And the rest of his goodly company were the same : from the host to the widow ; from the pretty little nun, who was fond of singing psalms in a wee voice through her nose, to the fat old nun’s priest; from the portly abbot to the rich miller and poor squire; all seem to have been able to do their share at any table in the land. They were, in fact, the ordinary eating English.

Nowadays we have the same healthy appetites. Business may trouble us, politics worry us, and money-matters drive us mad; but we all eat, and eat heartily. If we meet to hear music at the Crystal Palace, it ends in a feast. If we run out of town, we must finish by eating. Do we welcome a hero, we give him a dinner. Do we commence a charity, a feast inaugurates it; and the golden crumbs that drop, in the shape of subscription-guineas, from the table of Dives feed Lazarus and his family for many a long day. Nay, when a committee was formed to relieve the famine in Ireland, Englishmen, with their hearts full of pity, set seriously to work to relieve the unfortunate, and to eat. It will at least be interesting for each one of us to see how much he or she consumes in an ordinary lifetime : we say he or she advisedly, for the British female has a very healthy appetite ; and those delicate young ladies who dine upon a lark's wing and sup upon a wafer are happily very rare indeed.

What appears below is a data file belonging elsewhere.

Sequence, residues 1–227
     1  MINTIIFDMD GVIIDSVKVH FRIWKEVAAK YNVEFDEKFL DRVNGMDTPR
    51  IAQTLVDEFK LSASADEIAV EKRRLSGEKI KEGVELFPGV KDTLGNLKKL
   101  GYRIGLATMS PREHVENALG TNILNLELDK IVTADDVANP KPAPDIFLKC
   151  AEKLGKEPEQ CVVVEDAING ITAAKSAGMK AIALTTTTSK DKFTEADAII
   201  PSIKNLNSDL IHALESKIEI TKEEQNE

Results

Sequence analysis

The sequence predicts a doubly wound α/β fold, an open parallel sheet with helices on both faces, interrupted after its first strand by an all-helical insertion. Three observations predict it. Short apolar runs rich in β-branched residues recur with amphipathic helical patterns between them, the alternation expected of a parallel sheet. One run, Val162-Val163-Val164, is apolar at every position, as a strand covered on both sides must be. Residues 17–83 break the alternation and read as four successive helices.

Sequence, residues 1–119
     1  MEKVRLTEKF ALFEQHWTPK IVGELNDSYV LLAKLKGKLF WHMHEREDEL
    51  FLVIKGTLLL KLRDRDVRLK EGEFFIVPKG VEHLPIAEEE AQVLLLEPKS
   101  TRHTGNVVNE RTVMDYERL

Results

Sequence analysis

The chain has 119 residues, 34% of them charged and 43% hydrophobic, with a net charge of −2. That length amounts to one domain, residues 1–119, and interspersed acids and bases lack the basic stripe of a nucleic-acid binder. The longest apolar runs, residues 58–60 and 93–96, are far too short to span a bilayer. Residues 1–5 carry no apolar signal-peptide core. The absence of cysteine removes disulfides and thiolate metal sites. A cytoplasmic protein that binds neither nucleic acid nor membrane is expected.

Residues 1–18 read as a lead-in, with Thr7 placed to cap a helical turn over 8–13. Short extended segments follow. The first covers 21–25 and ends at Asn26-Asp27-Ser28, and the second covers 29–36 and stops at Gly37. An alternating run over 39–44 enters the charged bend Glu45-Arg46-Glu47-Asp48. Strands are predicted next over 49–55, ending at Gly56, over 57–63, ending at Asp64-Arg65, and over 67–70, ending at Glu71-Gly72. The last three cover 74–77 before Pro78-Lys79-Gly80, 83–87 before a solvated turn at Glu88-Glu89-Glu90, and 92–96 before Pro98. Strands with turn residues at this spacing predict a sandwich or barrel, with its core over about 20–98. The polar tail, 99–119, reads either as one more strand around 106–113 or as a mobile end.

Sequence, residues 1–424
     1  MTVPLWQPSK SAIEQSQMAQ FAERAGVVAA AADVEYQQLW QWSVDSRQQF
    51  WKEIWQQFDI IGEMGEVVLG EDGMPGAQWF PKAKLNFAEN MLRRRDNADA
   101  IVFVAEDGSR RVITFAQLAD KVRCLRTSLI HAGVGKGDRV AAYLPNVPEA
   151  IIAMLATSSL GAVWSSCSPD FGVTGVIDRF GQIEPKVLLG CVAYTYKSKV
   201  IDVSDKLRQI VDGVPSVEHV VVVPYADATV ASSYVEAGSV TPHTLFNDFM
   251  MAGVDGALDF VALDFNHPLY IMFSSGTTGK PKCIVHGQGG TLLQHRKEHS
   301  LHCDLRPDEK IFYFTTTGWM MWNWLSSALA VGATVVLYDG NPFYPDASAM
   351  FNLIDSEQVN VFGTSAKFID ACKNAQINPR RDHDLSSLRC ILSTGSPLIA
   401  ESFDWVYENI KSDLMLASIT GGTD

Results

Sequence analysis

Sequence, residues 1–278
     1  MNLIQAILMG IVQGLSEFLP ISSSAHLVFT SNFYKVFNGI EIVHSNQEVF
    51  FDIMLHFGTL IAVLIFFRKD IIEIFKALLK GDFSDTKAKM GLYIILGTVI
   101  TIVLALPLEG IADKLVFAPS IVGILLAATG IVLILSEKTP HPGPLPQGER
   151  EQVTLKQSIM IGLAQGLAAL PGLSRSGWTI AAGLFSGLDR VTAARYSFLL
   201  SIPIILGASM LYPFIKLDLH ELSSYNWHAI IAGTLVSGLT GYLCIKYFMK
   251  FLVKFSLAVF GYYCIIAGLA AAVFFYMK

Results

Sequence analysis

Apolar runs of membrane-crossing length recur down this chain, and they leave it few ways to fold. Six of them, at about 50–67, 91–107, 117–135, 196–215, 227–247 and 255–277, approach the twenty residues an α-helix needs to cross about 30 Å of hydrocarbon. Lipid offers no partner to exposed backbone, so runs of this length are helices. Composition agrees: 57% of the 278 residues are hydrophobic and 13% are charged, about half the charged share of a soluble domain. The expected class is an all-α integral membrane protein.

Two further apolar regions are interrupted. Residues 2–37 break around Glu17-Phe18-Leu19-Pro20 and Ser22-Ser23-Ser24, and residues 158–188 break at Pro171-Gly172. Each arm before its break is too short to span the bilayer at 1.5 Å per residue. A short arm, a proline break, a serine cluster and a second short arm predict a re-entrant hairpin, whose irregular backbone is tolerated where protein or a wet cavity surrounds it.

Presuming a man has his four meals a day regularly, he eats one thousand four hundred and sixty meals in one year. It is not too much to say that the majority of us could subsist very well on half that number. During sixty-five years he will have consumed a flock of 350 sheep, and those for dinner alone. He may throw in another fifty for luncheons and suppers. Presuming he adds to his mutton a reasonable allowance of potatoes and bread, and a pint of liquid, not counting tea, above thirty tons of liquids and solids will have passed through his stomach and have been permeated by gastric juices. M. Soyer rose almost to sublimity when he contemplated the enormous amount, and in his Modern Housewife drew the picture of an epicure in his tenth year contemplating the future sustenance of his life and the luxuries which he will hereafter devour, Milton's serious picture of Adam in a prophetic vision contemplating all the wars, miseries, murders, thefts, plagues, troubles, of the future man, and all the thieves, robbers, captains, soldiers, and murderers, who would proceed from his loins, is the only parallel picture which we know of. “Fancy," wrote M. Soyer, a youth in his tenth year, on the top of Primrose Hill, surrounded by the recherché provision claimed by the rank and wealth of a gourmand. He would be surrounded and gazed at by the following animals, which would eventually be his victims :30 oxen, 200 sheep, 100 calves, 200 lambs, 50 pigs, 1200 fowls, 300 turkeys, 150 geese, 400 ducklings, 263 pigeons, 1400 partridges, pheasants, and grouse, 450 plovers, ruffs, and reeves, 800 quails, 500 hares and rabbits, 40 deer, 120 guineafowl, and 360 wild fowl. In the way of fish, 120 turbot, 140 salmon, 120 cod, 260 trout, 400 mackerel, 800 soles and flounders, 200 eels, 150 haddocks, 400 red mullet, 400 herrings, 4000 smelt, 100,000 whitebait, 30,000 oysters, 20 turtles, 1500